Long-term investment funds - ELTIFs
With Europe struggling to achieve sustainable growth and facing significant needs for additional infrastructure investment there has been growing interest in how to promote long-term investment. Encouraging a long-term perspective has also been seen by policymakers as an important lesson from the 2008 financial crisis, which many have argued was driven by excessive emphasis on short-term returns.
In June 2013, the European Commission produced a legislative proposal for a Regulation on European Long-term Investment Funds (ELTIFs) – the first concrete output from the Commission’s work on long-term investment. The intention of the proposal was to establish a European product framework and passport for a new long-term investment vehicle for both professional and retail investors. The ELTIF regime came into effect in May 2015 and ELTIFs became available for use in December 2015 (after the 6 month preparatory period had elapsed).
Under the Regulation, the ELTIF manager needs to be an Alternative Investment Fund Manager (AIFM) and comply with both the provisions of the AIFMD and the additional requirements of the ELTIF Regulation. Optional early redemption rights are permitted under specific circumstances, which is forecast to be in the region of 10 years. Eligible investments are debt and equity instruments in all unlisted companies, listed SMEs, real assets such as infrastructure and real estate, European Venture Capital Funds (EuVECAs), European Social Entrepreneurship Funds (EuSEFs) and other ELTIFs. Private equity and venture capital funds, along with other collective investments such as Undertakings for Collective Investment in Transferable Securities (UCITS) are not included directly as eligible assets.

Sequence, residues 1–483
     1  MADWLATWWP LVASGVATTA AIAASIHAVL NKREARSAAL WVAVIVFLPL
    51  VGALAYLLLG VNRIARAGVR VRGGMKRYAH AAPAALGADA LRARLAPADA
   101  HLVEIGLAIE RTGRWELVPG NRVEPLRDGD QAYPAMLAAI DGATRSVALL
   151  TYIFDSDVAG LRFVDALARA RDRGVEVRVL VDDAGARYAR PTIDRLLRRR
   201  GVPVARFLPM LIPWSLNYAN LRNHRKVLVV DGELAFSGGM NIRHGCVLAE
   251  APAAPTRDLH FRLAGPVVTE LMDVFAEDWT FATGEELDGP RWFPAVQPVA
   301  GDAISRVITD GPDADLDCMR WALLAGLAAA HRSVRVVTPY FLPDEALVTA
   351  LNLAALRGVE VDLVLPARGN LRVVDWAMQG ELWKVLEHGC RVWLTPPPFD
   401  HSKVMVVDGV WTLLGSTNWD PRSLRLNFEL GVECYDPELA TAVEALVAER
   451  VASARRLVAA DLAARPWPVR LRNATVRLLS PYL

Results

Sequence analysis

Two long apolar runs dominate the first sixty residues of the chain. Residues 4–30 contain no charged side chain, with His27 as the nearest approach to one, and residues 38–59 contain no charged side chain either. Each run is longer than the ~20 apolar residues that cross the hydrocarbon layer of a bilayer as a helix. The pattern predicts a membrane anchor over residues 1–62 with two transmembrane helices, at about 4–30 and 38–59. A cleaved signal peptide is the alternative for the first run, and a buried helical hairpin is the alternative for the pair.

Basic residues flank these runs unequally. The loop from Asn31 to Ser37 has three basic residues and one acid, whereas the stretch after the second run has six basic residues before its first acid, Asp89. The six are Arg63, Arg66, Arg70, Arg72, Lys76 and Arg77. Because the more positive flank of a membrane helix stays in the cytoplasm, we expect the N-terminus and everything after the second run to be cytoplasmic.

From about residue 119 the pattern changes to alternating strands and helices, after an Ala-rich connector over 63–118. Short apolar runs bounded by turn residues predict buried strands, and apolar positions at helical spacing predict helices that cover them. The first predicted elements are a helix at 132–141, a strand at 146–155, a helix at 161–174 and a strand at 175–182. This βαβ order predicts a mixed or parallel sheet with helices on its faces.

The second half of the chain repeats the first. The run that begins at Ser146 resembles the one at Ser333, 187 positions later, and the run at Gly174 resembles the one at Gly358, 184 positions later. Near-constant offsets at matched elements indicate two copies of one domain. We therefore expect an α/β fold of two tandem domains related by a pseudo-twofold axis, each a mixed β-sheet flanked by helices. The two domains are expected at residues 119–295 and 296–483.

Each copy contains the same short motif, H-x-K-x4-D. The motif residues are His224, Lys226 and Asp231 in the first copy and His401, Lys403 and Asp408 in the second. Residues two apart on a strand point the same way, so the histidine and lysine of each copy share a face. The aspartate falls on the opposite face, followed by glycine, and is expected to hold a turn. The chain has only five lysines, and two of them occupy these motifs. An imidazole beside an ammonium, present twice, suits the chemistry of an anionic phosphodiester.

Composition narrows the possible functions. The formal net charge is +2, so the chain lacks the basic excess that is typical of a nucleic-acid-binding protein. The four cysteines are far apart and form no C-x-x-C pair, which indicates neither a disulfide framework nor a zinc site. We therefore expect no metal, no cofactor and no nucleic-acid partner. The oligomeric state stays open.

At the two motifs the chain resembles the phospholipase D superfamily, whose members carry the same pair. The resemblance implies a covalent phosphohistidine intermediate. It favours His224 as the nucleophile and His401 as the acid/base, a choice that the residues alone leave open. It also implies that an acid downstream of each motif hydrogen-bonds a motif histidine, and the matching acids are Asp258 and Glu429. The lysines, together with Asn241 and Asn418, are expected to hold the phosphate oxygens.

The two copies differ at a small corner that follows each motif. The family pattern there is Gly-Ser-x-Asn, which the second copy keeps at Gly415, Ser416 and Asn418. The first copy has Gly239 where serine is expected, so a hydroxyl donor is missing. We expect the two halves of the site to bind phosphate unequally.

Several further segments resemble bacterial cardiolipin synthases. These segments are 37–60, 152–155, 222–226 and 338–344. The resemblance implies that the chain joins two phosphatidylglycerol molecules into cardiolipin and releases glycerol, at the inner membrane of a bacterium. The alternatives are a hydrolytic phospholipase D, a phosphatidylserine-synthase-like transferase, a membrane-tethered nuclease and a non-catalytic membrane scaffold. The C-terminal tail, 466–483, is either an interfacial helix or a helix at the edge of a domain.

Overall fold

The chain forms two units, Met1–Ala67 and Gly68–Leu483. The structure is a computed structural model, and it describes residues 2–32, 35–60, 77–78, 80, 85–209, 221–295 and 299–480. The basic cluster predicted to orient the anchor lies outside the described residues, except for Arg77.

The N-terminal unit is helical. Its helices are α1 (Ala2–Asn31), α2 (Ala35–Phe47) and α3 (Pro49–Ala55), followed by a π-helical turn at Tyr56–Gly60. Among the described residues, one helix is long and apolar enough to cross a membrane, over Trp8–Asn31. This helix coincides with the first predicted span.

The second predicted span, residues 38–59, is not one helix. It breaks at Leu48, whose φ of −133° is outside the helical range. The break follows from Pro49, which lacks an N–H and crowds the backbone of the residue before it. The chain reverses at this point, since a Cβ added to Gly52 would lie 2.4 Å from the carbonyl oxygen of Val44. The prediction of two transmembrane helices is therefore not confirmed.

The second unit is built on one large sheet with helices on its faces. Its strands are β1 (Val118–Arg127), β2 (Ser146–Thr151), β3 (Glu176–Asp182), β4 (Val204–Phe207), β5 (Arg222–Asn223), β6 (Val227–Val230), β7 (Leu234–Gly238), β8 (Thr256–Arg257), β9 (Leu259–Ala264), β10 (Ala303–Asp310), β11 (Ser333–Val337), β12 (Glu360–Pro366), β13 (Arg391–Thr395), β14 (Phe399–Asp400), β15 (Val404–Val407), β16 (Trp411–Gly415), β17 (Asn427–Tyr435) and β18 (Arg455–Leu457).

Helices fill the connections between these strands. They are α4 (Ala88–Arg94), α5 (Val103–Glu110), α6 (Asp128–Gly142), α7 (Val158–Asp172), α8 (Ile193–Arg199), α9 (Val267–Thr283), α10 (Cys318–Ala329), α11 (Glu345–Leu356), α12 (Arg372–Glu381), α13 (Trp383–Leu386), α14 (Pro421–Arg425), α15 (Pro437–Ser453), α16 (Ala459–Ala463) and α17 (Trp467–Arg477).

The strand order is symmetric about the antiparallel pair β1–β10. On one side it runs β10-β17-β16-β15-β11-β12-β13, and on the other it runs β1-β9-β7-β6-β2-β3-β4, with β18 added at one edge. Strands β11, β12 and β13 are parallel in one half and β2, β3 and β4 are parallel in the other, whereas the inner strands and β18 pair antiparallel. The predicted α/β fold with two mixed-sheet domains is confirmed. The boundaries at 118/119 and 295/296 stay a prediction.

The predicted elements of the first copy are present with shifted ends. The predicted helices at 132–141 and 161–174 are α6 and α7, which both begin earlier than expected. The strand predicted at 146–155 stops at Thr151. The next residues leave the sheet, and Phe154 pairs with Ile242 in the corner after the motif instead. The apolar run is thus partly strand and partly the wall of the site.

Invest Europe position
The private equity industry as a long-term asset class is naturally interested in this framework. Invest Europe engaged in discussions with policymakers during the ELTIF’s passage through the legislative process, and highlighted areas where increased flexibility was necessary in the proposal. Thankfully, a lot of these issues have been addressed in the final Regulation.
It is too early to determine the impact ELTIFs will have in the market for long term investment opportunities, but they may prove to be an interesting alternative for some investors.
For managers perhaps the most obvious benefit of the ELTIF framework will be the option that it provides to market funds to retail investors (under certain conditions).
For more information on ELTIF, please visit our FAQ section.
Response to ESMA Consultation on ELTIF technical standards >
14 October 2015, Invest Europe-PAE
Trilogue Agreement on the ELTIF Regulation >
December 2014, EU institutions
Draft Report on the European Long-term Investment Funds proposal >
November 2013, European Parliament
Position Paper on ELTIF >
November 2013, EVCA